Peace Prize to Dangarembga: One with Influence



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Status: 10/24/2021 11:09 a.m.

Tsitsi Dangarembga is considered to be one of the most important representatives of African literature. But her career was by no means a sure-fire success. Now the author and filmmaker from Zimbabwe has been awarded the Peace Prize of the German Book Trade.

By Jana Genth, ARD-Studio Johannesburg

Publishing a book in Zimbabwe is one of those things. Philip Chidavaenzi is a writer from the capital, Harare, who speaks of a fundamental problem. There is a strong reading culture in Zimbabwe, he says, but the price for literature or for publishing a book is a real challenge. That would be due to the economic situation. “People buy bread and butter rather than a book. Literature is currently seen as a luxury,” said Chidavaenzi

Jana Genth
ARD-Studio Johannesburg

In addition, those who want to write books are forced to somehow earn money elsewhere. The political situation is not easy for creative people either. Tsitsi Dangarembga, who received the Peace Prize of the German Book Trade today, was not put off by this.

As the first dark-skinned Zimbabwean woman, she published a novel in English. But it wasn’t easy: no publisher in Zimbabwe wanted the book called “Nervous Conditions”. So Tsitsi sent it to the Women’s Press in England, a publisher that published feminist literature. That was in the mid-eighties, but after that there was radio silence for the time being.

Four years in the cellar

Dangarembga was in London for work in the late 1980s. “I thought, if I’m already there, I’ll go by and ask if you’ve read it,” says Dangarembga. “They asked me when I sent it – that was a good four years ago. So you went down to the basement to look for it. After ten minutes someone came and held that khaki, dusty envelope in my hand. I remembered for having sent him four years earlier. They asked, ‘Is that him?’ “

Of course it was the right envelope. The novel was only read because the author was there. Before that day was over, Tsitsi got a call. The publisher wanted her book. The media response afterwards was enormous. And it continues to have an effect in Zimbabwe itself – to this day.

“Tsitsi changed my view of things”

“Tsitsi Dangarembga has influenced me a lot,” says Simbarashe Sean Shumba, who teaches literature at the Harare high school. “Nervous conditions and another book by Dangarembga have changed the way I see life, especially in that we take women for granted.” Tsitsi changed the way she saw things, Sean Shumba.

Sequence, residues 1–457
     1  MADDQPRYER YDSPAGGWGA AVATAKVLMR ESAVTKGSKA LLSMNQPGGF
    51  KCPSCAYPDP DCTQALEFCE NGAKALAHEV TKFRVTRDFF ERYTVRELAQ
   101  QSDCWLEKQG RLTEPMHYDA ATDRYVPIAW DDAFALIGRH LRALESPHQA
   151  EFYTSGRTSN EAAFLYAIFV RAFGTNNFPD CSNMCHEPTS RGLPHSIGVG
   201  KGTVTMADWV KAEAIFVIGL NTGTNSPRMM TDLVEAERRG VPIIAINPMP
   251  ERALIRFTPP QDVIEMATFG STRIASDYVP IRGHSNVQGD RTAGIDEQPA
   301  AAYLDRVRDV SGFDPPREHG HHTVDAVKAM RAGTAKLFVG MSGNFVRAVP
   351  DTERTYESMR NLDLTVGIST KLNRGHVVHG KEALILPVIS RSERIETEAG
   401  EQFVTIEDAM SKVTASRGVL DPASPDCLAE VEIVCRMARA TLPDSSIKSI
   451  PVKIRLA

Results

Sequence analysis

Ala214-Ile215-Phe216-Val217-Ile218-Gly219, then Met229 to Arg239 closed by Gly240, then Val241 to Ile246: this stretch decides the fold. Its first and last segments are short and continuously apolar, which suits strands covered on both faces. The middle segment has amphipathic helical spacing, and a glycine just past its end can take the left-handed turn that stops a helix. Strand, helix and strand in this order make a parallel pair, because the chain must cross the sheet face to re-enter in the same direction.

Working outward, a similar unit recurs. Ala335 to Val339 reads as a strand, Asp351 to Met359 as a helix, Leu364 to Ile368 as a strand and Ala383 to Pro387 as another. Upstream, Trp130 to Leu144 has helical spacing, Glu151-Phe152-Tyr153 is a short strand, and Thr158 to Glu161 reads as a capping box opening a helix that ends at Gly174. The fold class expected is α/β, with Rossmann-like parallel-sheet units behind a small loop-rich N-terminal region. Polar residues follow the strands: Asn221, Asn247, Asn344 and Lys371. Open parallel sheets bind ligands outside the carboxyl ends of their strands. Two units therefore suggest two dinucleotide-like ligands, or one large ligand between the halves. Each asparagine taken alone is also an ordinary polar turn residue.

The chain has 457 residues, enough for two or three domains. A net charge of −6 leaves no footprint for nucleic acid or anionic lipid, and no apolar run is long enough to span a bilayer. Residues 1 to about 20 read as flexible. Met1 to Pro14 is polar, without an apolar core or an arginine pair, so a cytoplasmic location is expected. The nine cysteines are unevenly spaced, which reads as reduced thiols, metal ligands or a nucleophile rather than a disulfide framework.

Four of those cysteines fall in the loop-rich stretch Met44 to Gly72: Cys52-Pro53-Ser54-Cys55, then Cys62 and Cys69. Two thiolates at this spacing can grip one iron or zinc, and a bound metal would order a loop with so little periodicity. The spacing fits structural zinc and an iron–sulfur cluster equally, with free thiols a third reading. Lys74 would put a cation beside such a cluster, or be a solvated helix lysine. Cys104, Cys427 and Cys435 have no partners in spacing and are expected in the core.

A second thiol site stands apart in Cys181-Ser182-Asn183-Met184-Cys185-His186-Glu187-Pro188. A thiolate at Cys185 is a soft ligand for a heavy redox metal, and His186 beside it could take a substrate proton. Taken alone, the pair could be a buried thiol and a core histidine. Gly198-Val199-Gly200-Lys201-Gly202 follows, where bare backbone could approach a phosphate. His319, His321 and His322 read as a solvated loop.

It is not easy for women in the patriarchal society in Zimbabwe. Daphne Jena, for example, finds what Tsitsi Dangarembga has achieved all the more remarkable. She managed to show that women can deliver good content and are recognized for it. She mainly writes about the experiences of women, and so many women in Africa, in Zimbabwe, and certainly in other parts of the world too, can relate to this.

Also known as a director

Tsitsi is more than a writer, she is also a filmmaker. Your film “Neria” has been known throughout Africa since 1993. Three years later, the film “Everyone’s Child” even went around the world. In it she described the tragic fate of four siblings whose parents died of AIDS.

Fungai Machirori from Bulawayo in southern Zimbabwe, who has not only seen these films, says her films have opened doors for other female filmmakers, nationally and sometimes even beyond our borders. “The way she has helped other people to become visible through her influence is admirable,” says Machirori.

There is a lack of innovative ideas

Culture has a hard time in an economically troubled Zimbabwe – although there is demand. But giving up is not an option for author Philip Chidavaenzi either. He thinks what they need are new innovative ideas that will move them forward, regardless of their financial situation.

People need literature, and it should reflect the problems we are facing right now.

Fiction by Zimbabwean authors is also often based on real experiences. Literature, they say, helps to classify history. For many writers, the route still leads through neighboring South Africa or Great Britain. The way to the German market is not easy either. From Tsitsi Dangarembga’s trilogy, for example, the translation of the second novel is still missing.

Strong voice from Zimbabwe: Peace Prize winner Tsitsi Dangarembga

Jana Genth, ARD Johannesburg, 24.10.2021 · 09:52




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